Investigative Action Provision
The measure also seeks to amend the investigation provisions under AFIDA. Currently, USDA has the discretion to monitor compliance and determine compliance of all foreign persons’ FSA-153 forms that are submitted to the agency. If enacted, S. 3666 would direct the Farm Production and Conservation Business Center (“FPAC-BC”) to assist USDA in the investigative process. FPAC-BC is an organization that supports and improves operations and efficiency for three USDA-administered agencies, including the Natural Resources Conservation Service, the Risk Management Agency, and FSA. Specifically, the proposed legislation would require FPAC-BC to validate the data USDA receives from each foreign persons’ FSA-153 form. Further, S. 3666 would require FPAC-BC to “take such actions as are necessary to ensure compliance” with AFIDA and to coordinate with FSA to identify any foreign person that has failed to properly comply with the federal reporting requirements.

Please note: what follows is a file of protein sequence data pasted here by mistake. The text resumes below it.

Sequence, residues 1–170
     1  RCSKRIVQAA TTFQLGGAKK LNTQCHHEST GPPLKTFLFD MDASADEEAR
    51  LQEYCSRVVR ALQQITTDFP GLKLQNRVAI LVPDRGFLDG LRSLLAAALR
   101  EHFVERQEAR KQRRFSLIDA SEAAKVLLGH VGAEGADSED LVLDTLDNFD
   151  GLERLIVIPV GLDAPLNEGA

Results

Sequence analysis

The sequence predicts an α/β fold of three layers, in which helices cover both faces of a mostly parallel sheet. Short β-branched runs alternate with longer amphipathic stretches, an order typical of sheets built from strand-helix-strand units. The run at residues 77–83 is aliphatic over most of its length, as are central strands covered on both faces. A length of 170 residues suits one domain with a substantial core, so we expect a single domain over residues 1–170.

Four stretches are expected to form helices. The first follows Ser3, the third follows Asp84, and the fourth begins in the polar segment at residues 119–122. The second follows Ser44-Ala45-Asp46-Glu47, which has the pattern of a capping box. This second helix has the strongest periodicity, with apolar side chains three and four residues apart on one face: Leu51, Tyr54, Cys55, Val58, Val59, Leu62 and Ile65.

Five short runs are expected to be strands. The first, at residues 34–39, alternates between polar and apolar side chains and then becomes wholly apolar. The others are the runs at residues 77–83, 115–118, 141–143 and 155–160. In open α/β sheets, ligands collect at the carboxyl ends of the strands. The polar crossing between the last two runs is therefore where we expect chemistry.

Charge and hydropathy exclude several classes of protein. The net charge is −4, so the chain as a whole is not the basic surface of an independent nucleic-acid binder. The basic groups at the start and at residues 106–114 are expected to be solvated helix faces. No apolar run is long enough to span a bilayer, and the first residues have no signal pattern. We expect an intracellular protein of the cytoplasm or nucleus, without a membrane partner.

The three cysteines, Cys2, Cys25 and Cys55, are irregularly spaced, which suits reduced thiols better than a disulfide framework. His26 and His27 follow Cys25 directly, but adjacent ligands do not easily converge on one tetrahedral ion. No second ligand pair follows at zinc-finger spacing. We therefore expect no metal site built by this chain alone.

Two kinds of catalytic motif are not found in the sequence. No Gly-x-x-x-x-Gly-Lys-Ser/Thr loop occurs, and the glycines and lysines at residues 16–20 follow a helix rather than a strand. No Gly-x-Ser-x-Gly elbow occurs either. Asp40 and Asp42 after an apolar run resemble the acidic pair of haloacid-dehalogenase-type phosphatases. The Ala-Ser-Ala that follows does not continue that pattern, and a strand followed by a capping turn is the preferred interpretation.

Under S. 3666, USDA would be required to enter at least one memoranda of understanding (“MOU”) with the Committee on Foreign Investment in the United States (“CFIUS”) where USDA would implement a process to provide detailed and timely information it receives on foreign ownership of farmland through AFIDA. CFIUS is an interagency committee that is authorized by the DPA (50 U.S.C. § 4565) to serve the President in reviewing certain transactions involving foreign investments and acquisitions of American companies and real estate to determine whether a transaction presents a threat to U.S. national security. CFIUS has the power to renegotiate, enforce, and impose conditions to transactions (whether pending or already completed) to mitigate any threat a transaction that could potentially impair to U.S. national security. The bill would require USDA to enter an MOU with CFIUS no later than one year after the enactment of the measure.
AFIDA Handbook Update
If enacted, S. 3666 would require FSA to update the agency’s AFIDA handbook, which was last updated in 2006, within one year from the date of enactment. Essentially, the AFIDA handbook provides instructions to USDA and county FSA employees as to how a foreign person complies with the reporting requirements. The federal proposal would direct FSA to update the handbook’s current version so that USDA employees understand their responsibilities for completing disclosure forms, verifying the accuracy of each form, as well as identifying any missing information. Further, the bill would require FSA to update the AFIDA handbook every 10 years.